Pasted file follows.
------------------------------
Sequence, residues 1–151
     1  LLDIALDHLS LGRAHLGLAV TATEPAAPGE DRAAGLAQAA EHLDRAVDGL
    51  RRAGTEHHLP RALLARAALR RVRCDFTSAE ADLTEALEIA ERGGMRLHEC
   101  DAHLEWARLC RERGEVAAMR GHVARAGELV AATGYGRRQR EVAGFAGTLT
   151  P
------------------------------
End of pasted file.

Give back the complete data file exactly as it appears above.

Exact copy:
Sequence, residues 1–151
     1  LLDIALDHLS LGRAHLGLAV TATEPAAPGE DRAAGLAQAA EHLDRAVDGL
    51  RRAGTEHHLP RALLARAALR RVRCDFTSAE ADLTEALEIA ERGGMRLHEC
   101  DAHLEWARLC RERGEVAAMR GHVARAGELV AATGYGRRQR EVAGFAGTLT
   151  P